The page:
"Fine. I'm taking my ball and going home."
Plotwise, Britt-Marie was Here isn’t exactly brimming with surprises. It follows a narrative pattern similar to many American sports comedies: A reluctant coach forced to guide a scruffy bunch of underdogs, finding purpose and self-respect along the way. This one is more bittersweet in tone, but generates a lot of the same warm fuzzies. Much of that is due to the performances, especially August in the titular role. Despite appearing joyless throughout most of the film, Britt-Marie is an likably-engaging character. Stubborn, vulnerable and always uncertain of her decisions, she’s easy to empathize with. Surrounding her is a variety of interesting secondary characters, such as potential love-interest, Sven (Anders Mossling), who’s nearly as insecure as Britt-Marie.

A charming spin on a familiar premise, Britt-Marie was Here is an understated, congenial little gem. A film without massive highs or lows, the personal victories are small, but no less important to its characters and just as enjoyable for the viewer.


January 19, 2020


The hours that must have been spent on that tagline.
Starring Jackie Chan, Zhong Chuxi, Ethan Juan, Lin Peng, Austin Lin. Directed by Jia Yan (aka Vash). (109 min)

Review by Stinky the Destroyer😼

Though it isn’t shown anywhere on the cover or in the opening credit sequence, The Knight of Shadows apparently carries the subtitle, Between Yin and Yang, which might also describe this review of the film itself….

First, the “yin” (the negative): 
The film may feature Jackie Chan, but a far cry from the Chan we’ve grown to know and love. Where he was once his own special effect, here he’s literally surrounded by CGI almost the entire time. Nor does he display the personality or formidable physical skills we’re used to seeing. Granted, age catches up with all of us and I don’t expect him to be leaping across rooftops anymore, but that was never all he had going for him. Chan is a charming comic actor, but really, his role as a demon hunter could have been played by anybody.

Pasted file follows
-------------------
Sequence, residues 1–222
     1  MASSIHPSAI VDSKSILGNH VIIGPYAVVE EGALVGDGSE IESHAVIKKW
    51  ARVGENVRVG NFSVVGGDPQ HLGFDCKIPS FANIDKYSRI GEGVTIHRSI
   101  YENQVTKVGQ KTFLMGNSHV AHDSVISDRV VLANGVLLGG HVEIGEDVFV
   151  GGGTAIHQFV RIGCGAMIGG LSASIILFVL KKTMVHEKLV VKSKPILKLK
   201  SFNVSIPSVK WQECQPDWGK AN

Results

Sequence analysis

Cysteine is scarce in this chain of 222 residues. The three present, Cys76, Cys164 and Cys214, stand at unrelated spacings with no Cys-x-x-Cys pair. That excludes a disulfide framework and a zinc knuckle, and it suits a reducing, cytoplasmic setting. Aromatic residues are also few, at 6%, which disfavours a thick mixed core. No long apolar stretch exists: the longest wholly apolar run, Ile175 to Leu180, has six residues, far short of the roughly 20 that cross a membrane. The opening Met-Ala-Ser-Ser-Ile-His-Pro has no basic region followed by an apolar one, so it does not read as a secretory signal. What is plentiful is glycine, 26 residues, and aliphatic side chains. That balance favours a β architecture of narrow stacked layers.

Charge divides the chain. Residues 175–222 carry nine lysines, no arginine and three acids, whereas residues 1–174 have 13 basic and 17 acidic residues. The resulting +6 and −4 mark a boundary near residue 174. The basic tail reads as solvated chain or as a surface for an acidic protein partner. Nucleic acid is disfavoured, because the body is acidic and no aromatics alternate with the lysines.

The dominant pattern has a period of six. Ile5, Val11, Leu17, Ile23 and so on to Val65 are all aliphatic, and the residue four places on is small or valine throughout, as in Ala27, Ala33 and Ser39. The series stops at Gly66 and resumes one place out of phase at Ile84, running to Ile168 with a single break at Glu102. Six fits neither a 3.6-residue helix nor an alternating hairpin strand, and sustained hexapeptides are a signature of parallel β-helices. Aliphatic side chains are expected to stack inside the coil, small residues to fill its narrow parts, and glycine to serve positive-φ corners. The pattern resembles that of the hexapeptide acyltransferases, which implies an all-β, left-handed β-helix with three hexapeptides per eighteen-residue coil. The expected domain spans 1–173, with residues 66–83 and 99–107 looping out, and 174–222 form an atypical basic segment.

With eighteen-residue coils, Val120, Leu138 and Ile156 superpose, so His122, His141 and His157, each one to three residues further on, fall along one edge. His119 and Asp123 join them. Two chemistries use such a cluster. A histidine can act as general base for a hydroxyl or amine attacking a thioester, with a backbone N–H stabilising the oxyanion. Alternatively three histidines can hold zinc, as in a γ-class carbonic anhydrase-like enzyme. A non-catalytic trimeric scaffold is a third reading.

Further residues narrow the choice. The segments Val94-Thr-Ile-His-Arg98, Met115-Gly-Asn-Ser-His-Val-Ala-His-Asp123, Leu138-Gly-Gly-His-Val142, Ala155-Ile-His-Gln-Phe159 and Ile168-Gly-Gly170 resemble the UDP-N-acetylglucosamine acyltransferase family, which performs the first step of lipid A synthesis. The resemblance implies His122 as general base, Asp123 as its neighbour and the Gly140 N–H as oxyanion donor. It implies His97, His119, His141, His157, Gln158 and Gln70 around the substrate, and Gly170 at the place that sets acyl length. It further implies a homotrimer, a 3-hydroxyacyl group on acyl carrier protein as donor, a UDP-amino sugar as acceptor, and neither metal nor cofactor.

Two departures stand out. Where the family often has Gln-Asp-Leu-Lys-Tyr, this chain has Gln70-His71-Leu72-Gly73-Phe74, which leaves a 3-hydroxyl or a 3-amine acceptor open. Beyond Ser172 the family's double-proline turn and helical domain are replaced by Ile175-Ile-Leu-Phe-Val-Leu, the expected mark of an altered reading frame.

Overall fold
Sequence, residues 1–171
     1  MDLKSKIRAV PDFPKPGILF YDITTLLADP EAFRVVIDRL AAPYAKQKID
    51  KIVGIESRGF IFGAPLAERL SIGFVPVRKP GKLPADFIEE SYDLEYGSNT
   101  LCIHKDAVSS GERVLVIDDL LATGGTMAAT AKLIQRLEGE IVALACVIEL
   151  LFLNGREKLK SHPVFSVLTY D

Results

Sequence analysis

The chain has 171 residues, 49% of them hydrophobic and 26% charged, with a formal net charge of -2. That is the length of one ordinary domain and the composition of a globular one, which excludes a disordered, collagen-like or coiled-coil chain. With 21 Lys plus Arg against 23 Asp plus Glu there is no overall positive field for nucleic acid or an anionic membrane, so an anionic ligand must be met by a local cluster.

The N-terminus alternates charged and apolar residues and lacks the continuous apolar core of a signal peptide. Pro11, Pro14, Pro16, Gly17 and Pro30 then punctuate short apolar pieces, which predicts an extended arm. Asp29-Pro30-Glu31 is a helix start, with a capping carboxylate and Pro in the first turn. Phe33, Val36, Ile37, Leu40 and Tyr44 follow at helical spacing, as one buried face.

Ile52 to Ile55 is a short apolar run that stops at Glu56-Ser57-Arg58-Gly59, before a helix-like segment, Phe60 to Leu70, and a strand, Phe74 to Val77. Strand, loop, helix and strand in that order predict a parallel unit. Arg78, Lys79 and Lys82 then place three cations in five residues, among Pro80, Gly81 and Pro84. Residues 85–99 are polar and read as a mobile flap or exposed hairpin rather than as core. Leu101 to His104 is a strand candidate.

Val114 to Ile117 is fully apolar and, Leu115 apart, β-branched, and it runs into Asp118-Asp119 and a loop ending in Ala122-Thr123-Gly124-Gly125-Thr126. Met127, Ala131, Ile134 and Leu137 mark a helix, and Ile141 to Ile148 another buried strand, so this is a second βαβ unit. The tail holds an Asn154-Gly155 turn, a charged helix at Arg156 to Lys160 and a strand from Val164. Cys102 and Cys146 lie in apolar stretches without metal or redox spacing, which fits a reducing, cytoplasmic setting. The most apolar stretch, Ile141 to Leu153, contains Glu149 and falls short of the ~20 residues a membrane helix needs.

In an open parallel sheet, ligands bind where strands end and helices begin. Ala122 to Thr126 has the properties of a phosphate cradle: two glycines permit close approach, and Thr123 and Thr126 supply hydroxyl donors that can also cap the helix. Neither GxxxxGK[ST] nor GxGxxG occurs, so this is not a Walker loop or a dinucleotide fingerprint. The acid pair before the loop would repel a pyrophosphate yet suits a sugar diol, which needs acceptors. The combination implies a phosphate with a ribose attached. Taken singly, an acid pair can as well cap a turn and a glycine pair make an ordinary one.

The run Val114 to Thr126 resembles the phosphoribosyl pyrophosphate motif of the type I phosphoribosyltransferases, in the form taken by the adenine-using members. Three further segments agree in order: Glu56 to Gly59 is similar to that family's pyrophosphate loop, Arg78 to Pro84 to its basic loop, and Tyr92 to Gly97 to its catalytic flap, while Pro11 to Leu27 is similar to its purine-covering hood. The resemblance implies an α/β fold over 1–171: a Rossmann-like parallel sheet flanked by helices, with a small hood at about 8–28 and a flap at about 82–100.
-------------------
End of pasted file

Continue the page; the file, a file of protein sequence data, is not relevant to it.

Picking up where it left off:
The writing is sometimes terrible. Characters often explain their predicaments as they are happening, as if the audience is too dumb to figure it out on their own. Likewise, they announce their actions before actually doing them, sort of like those old Saturday morning superhero cartoons from the ‘70s.

Some of Chan’s animated assistants are horrid creations, namely “Gassy,” who paralyzes demons with his farts. It’s a blatant and stupid attempt to pander to the kiddie crowd with bathroom humor. And yes, he announces in-advance when he’s planning to use his power, because the very word fart is apparently very funny.

Jackie gets hammered.
Now the “yang” (the positive):

On the other hand, the story itself isn’t bad. Chan plays Pu Songling, who vanquishes demons by using his trusty yin & yang brush, which traps them in a book. Once there, they are unable to reincarnate, banished to a nether world. One particularly hungry demon, Xiaoqian (Zhong Chuxi), feeds on young girls’ souls to stay alive, while her ex-lover and former demon himself, Caichen (Ethan Juan), pleads for Pu to help return her to human form. After a woefully shaky start, this turns into a pretty engaging story.

Though I think most would agree Chan is underused, the rest of the cast is pretty decent. Juan and Chuxi make an aesthetically appealing set of doomed lovers, while Lin Bo-hong has a few amusing moments as a bumbling lawman-turned-apprentice.

Visually, there’s a lot of imagination at work. The production design is suitably lush, vibrant and colorful, enhancing the whimsical setting. The extensive CGI gives most scenes an artificial quality, but at the same time, that’s part of what makes it interesting to look at. The climax, where the major characters clash in the demon world, is a dizzying spectacle that might be a little over-the-top, but is certainly entertaining.

Ultimately, The Knight of Shadows is far-removed from vintage Jackie Chan. Some characters and narrative elements are almost distressingly bad, particularly during the first act. But if one’s able to slog through the lame slapstick and fart gags, the rest of the film has some moments that might be worth the effort. Yin and yang indeed.